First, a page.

Disruption of an exotic mutualism can improve management of an invasive plant: varroa mite, honeybees and biological control of Scotch broom Cytisus scoparius in New Zealand.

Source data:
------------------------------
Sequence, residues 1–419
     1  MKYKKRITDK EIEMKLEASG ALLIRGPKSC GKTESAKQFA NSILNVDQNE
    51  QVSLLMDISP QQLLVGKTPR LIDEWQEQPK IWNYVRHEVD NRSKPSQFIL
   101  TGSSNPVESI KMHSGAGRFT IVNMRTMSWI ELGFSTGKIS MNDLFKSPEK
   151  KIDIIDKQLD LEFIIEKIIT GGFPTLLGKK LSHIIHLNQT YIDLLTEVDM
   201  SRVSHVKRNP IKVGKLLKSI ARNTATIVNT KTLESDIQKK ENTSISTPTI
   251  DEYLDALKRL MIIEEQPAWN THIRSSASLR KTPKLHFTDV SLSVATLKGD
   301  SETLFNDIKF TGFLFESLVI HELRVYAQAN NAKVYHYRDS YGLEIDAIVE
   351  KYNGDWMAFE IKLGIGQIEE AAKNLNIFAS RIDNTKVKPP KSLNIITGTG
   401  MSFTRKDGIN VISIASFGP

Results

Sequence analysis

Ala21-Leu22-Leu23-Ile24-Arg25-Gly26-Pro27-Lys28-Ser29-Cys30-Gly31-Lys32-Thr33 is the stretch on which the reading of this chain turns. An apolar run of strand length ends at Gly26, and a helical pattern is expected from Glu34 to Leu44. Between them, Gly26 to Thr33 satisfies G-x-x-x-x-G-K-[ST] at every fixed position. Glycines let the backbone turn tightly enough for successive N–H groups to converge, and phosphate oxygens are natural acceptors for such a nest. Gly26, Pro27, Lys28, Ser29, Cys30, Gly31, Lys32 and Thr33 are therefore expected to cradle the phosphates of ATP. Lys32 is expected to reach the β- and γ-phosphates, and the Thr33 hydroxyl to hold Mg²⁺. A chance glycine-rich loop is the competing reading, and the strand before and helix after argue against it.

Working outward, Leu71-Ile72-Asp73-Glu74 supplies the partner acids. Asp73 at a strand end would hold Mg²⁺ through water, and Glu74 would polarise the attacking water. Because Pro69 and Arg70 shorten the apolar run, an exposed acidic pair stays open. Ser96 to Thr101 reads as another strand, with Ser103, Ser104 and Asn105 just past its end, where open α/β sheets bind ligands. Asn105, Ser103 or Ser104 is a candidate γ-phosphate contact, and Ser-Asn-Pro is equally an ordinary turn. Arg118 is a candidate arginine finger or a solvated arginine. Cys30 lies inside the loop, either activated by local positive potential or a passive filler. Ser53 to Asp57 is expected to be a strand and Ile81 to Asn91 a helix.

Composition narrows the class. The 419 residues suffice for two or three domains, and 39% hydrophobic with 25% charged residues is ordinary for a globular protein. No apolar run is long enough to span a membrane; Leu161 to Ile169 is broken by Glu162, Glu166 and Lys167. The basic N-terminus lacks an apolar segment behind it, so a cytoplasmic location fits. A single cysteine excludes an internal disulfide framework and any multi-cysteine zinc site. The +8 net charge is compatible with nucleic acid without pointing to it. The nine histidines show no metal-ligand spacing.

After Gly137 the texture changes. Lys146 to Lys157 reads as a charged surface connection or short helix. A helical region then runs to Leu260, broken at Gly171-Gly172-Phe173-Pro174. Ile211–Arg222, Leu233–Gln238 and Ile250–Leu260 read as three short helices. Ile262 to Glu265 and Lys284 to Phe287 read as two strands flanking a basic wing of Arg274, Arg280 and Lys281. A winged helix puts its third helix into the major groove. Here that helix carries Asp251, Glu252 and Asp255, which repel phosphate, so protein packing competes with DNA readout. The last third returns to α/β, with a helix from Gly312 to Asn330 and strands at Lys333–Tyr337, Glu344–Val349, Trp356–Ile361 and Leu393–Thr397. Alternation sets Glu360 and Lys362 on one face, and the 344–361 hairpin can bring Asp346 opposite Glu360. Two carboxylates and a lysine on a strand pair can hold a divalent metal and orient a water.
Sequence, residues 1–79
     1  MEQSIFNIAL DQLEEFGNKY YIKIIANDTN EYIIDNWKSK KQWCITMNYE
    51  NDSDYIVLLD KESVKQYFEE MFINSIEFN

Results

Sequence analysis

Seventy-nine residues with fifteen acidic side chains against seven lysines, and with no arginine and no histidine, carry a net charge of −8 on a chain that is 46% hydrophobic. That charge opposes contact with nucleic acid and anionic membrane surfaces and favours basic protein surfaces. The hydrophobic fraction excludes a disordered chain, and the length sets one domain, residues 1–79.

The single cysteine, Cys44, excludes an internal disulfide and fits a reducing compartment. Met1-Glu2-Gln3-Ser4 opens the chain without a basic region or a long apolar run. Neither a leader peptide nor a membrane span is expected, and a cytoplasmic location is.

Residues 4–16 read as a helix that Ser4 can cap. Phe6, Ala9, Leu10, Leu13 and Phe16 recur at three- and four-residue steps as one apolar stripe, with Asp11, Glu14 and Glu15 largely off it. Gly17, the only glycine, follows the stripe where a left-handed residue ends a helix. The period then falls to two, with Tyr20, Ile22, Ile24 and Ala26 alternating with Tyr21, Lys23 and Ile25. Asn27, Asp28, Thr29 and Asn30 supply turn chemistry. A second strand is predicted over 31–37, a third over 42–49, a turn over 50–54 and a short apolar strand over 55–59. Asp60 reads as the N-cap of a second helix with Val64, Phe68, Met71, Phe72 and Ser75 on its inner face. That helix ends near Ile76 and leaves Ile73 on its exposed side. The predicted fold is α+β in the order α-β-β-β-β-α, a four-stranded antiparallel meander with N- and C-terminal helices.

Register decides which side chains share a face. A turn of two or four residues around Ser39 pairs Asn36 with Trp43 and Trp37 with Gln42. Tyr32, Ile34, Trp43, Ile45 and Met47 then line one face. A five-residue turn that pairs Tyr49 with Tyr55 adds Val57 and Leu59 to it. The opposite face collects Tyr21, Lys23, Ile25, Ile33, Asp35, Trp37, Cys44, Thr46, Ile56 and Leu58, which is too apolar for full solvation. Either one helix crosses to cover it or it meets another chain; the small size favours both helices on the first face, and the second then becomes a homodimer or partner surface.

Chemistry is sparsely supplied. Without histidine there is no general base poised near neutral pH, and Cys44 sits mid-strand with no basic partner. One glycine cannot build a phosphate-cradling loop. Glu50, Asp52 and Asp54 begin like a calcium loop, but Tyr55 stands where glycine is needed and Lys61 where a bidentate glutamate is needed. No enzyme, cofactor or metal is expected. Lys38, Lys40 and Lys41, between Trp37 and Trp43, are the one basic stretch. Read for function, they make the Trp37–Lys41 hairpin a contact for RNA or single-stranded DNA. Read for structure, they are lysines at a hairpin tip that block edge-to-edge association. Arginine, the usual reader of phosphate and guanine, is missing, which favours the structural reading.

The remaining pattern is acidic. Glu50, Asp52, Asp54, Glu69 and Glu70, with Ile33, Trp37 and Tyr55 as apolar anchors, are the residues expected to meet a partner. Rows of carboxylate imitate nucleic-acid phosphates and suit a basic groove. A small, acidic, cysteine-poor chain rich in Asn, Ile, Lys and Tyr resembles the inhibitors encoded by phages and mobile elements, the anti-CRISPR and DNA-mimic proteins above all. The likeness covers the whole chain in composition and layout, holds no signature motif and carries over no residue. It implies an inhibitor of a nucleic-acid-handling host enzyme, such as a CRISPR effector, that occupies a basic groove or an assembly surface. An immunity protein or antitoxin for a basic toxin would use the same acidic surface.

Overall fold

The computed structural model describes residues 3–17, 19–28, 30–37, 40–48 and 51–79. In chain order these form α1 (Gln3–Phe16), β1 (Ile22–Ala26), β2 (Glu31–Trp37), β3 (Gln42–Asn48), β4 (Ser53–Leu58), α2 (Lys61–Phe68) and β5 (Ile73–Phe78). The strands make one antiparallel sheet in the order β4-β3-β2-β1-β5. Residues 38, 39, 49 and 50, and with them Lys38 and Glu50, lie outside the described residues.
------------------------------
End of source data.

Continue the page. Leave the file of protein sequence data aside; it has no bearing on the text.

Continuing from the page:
A seed-feeding biocontrol agent Bruchidius villosus was released in New Zealand (NZ) to control the invasive European shrub, broom Cytisus scoparius, in 1988 but it was subsequently considered unable to destroy sufficient seed to suppress broom populations. We hypothesized that an invasive mite Varroa destructor, which has caused honeybee decline in NZ, may cause pollinator limitation, so that the additional impact of B. villosus might now reach thresholds for population suppression. We performed manipulative pollination treatments and broad-scale surveys of pollination, seed rain and seed destruction by B. villosus to investigate how pollinator limitation and biocontrol interact throughout the NZ range of broom. The effect of reduced pollination in combination with seed-destruction was explored using a population model parameterized for NZ populations. Broom seed rain ranged from 59 to 21 416 seeds m-2 from 2004 to 2008, and was closely correlated with visitation frequency of honeybees and bumblebees. Infestation of broom seeds by B. villosus is expected to eventually reach 73% (the average rate observed at the localities adjacent to early release sites). The model demonstrated that 73% seed destruction, combined with an absence of honeybee pollination, could cause broom extinction at many sites and, where broom persists, reduce the intensity of treatment required to control broom by conventional means. Nevertheless, seed rain was predicted to be sufficient to maintain broom invasions over many sites in NZ, even in the presence of the varroa mite and B. villosus, largely due to the continued presence of commercial beehives that are treated for varroa mite infestation. Synthesis and applications. Reduced pollination through absence of honeybees can reduce broom seed set to levels at which biocontrol can be more effective. To capitalize on the impact of the varroa mite on feral honeybees, improved management of commercial beehives (for example, withdrawal of licences for beekeepers to locate hives on Department of Conservation land) could be used as part of a successful integrated broom management programme at many sites in NZ.